Can Liberal Pluralism Be Exported? Western Political Theory and Ethnic Relations in Eastern Europe

Can Liberal Pluralism Be Exported? Western Political Theory and Ethnic Relations in Eastern Europe

Can Liberal Pluralism Be Exported? Western Political Theory and Ethnic Relations in Eastern Europe

Can Liberal Pluralism Be Exported? Western Political Theory and Ethnic Relations in Eastern Europe


'An important and very interesting volume on a topic of great contemporary significance... This is a very successful volume... The book as a whole is an exciting venture in the field of applying normative ideas to an often refractory and complex social reality.' -Nations and Nationalism'The best reflection and most comprehensive and authoritative summary of the debate on the universality of the western conception of ethnocultural justice.' -The Global Review of Ethnopolitics'The quality of the commentaries on Kymlicka's introductory chapter and his own concluding response ensure that the volume overall fulfils its purpose of critically examining the applicability of western political theory to the ethnopolitics of Central and Eastern Europe. The mix of contributors allows for a balanced debate of Kymlicka's views.' -The Global Review of EthnopoliticsMany post-communist countries in Central/Eastern Europe and the former Soviet Union are being encouraged and indeed pressured by Western countries to improve their treatment of ethnic and national minorities, and to adopt Western models of minority rights. But what are these Western models, and will they work in Eastern Europe? In the first half of this volume, Will Kymlicka describes a model of 'liberal pluralism' which has gradually emerged in most Western democracies, and discusses what would be involved in adopting it in Eastern Europe. This is followed by 15 commentaries from people actively involved in minority rights issues in the region, as practitioners or academics, and by Kymlicka's reply. This volume will be of interest to anyone concerned with ethnic conflict in Eastern Europe, and with the more general question of whether Western liberal values can or should be promoted in the rest of the world.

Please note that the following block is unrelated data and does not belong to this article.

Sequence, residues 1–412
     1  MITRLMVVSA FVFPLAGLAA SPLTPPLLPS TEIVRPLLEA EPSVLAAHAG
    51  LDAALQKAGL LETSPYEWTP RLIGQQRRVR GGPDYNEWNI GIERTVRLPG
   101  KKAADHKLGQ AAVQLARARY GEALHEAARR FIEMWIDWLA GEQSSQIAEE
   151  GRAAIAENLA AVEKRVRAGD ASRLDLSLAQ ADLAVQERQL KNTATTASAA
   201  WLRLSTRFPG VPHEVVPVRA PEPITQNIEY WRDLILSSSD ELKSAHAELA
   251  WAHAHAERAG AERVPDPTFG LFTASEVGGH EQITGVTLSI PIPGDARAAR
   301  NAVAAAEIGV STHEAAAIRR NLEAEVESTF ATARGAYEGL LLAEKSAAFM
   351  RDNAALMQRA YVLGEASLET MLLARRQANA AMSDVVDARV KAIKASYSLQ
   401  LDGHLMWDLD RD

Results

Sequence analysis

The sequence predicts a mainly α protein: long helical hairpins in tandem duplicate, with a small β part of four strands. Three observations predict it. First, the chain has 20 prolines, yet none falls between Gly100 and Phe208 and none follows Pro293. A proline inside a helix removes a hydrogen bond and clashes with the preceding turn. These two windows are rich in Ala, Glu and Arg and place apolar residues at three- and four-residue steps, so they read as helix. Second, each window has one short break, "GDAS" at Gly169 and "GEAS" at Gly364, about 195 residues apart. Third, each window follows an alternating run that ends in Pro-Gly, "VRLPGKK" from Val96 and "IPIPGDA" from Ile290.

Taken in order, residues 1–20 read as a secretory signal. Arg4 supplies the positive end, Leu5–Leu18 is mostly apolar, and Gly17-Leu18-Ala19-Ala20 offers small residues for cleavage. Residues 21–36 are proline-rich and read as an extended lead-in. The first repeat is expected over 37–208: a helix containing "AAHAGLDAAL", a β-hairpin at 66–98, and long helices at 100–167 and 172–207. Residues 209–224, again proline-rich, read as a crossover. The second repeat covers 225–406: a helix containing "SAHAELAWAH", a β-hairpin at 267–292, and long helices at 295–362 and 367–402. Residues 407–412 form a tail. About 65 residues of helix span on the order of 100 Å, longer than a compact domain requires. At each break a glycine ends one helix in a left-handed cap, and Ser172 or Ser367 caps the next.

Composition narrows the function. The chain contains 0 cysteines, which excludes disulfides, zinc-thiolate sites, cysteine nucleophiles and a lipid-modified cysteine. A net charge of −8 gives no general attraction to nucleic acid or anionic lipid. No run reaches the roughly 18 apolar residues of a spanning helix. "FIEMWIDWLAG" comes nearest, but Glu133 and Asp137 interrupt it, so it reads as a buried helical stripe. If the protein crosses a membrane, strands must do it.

Will Kymlicka

The newly-democratizing states of Eastern and Central Europe sometimes look to the older Western democracies to see how various political issues have been handled. It is rarely possible or appropriate to simply transplant institutions or policies from one country to another, particularly when these countries have such different histories and economic conditions as those in Western and Eastern Europe. However, democratic reformers often want to at least understand the basic principles and ideals that underlie the operation of Western liberal democracies, and which have provided them with stability and legitimacy. Put another way, reformers often want to understand the political theory of Western democracies, even though the practical implementation of these underlying principles may differ substantially in Eastern and Central Europe (ECE).

In some areas, particularly with respect to basic individual civil and political rights, it is relatively easy to identify these basic principles. All Western democracies have the rule of law, freedom of the press, freedom of conscience, habeas corpus, free elections, universal adult suffrage etc., and there is a large and long-standing literature by Western legal and political theorists explaining why these are important values. Indeed, we can say that the protection of these rights and liberties is part of the very definition of a liberal democracy. and so the claim of ece countries to be 'democratic' is measured by how well they accept and uphold these principles.

But when we turn to issues of ethnic relations, it is far more difficult to identify the principles guiding Western democracies. We can find a wide range of policies in the various Western democracies, and

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